Willan's itch and other causes of pruritus in the elderly

Jon R Ward, Jeffrey D Bernhard
International Journal of Dermatology 2005, 44 (4): 267-73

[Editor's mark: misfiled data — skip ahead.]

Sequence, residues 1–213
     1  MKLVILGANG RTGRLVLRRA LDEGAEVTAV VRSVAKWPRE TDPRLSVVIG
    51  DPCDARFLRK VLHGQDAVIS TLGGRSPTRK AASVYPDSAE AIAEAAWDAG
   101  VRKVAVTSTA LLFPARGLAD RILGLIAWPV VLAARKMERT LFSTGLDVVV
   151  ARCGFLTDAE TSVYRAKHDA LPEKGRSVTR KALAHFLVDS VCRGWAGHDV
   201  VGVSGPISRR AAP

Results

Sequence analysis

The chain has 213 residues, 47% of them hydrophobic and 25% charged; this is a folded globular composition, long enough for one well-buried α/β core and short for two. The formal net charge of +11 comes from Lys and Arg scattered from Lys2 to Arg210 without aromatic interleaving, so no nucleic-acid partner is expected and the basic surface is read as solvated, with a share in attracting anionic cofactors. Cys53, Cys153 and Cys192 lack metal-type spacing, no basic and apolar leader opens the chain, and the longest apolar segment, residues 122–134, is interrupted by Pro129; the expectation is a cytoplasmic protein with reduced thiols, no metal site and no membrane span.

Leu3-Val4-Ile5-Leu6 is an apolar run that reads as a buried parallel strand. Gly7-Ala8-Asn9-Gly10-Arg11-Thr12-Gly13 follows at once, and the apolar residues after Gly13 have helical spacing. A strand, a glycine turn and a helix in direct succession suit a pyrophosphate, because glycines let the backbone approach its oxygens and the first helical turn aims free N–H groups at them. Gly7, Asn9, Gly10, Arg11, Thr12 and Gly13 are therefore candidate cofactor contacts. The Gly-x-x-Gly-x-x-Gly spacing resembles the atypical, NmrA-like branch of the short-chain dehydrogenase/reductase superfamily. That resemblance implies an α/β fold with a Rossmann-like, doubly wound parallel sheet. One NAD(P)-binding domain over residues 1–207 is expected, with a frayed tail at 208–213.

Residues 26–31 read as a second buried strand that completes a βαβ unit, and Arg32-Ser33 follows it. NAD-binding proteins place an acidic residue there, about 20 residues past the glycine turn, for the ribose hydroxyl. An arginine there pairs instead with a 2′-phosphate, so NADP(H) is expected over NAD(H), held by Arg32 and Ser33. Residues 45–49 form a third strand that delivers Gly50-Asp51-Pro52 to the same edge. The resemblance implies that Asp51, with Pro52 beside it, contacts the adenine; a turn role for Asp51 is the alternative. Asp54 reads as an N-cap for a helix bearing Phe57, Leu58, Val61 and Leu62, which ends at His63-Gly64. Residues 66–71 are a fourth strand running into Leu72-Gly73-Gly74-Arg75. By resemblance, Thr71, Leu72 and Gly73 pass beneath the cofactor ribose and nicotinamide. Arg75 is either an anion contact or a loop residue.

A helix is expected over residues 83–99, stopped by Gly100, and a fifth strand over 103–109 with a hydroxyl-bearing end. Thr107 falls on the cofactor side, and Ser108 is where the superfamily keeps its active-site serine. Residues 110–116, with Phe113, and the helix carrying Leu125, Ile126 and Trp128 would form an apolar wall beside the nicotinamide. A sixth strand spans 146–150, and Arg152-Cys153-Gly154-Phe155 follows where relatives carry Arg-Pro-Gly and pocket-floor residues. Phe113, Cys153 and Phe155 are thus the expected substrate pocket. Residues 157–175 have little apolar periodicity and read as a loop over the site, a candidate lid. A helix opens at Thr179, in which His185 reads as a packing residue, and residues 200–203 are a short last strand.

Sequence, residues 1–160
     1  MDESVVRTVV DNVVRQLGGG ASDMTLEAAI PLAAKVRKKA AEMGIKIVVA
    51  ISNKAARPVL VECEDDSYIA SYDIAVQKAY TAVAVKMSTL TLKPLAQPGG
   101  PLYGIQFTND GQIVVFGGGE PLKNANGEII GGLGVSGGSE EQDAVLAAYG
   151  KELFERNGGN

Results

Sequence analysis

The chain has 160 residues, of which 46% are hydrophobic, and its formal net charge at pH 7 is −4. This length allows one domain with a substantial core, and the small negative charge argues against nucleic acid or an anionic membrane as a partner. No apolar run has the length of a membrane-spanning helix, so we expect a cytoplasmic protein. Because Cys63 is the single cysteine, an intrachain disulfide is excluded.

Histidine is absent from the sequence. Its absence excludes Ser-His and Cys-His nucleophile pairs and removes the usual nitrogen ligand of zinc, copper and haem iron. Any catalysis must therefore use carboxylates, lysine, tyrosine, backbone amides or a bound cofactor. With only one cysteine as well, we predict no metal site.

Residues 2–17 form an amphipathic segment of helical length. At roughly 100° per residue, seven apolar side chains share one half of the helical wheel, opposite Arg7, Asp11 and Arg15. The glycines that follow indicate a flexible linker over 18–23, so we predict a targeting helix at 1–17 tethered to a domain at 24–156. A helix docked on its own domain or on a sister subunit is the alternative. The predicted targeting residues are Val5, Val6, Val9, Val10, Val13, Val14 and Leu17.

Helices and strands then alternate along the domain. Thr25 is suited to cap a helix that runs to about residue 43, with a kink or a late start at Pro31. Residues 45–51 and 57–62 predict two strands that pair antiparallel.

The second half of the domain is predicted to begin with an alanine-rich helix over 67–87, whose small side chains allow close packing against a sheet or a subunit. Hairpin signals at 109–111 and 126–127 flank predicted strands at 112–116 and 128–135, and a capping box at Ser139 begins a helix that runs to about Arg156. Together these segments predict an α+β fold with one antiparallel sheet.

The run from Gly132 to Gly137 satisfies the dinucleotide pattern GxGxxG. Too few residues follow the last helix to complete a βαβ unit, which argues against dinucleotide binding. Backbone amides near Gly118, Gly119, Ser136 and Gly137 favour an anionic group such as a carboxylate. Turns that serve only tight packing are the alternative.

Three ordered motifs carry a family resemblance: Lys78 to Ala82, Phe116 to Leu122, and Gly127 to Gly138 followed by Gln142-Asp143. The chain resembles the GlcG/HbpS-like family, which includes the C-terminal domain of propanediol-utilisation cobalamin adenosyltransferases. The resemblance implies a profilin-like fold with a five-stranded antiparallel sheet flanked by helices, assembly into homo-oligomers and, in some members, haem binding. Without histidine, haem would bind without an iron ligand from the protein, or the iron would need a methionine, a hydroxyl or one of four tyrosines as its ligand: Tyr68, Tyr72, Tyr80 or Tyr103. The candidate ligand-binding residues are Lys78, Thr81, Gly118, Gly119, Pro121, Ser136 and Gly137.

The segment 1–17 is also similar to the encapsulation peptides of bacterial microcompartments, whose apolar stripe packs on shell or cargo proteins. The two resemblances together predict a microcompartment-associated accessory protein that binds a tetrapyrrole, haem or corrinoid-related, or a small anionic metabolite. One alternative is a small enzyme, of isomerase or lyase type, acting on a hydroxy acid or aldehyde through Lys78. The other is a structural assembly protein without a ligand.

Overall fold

Itch in the elderly presents a diagnostic and therapeutic challenge. A thorough history, review of systems, and physical examination are critical to determining its cause. Examination of the skin may be misleading. There are frequently only secondary lesions, eczematous changes, lichenification, and excoriation, which may be misdiagnosed as a primary dermatitis. Xerosis may be the cause, but it is sometimes merely coincidental. If primary lesions are present, a skin biopsy can enable a diagnosis to be made. Systemic causes of itch, such as cholestasis, uremia, hyperthyroidism, medications, or lymphoma, must be considered. If the cause remains elusive, idiopathic itching of the elderly or so-called "senile pruritus" may be considered. However, we propose to discard the term "senile pruritus", which can be offensive and frightening. We propose to replace it with "Willan's itch". Robert Willan (1757-1812) is honored as one of the founders of modern dermatology thanks to his book, On Cutaneous Diseases, and its morphological approach to skin disease. He was probably the first to give a good clinical description of itching in the elderly. The diagnosis of Willan's itch should be reserved for generalized pruritus in the absence of xerosis or other recognizable cause. The pathophysiology of this form of pruritus is poorly understood, but it is likely that age-related changes of the skin, cutaneous nerves, and other parts of the nervous system play a role. Anecdotal and limited data suggest that gabapentin, cutaneous field stimulation, serotonin antagonists, and ultraviolet B phototherapy may attenuate itch in some of these patients.

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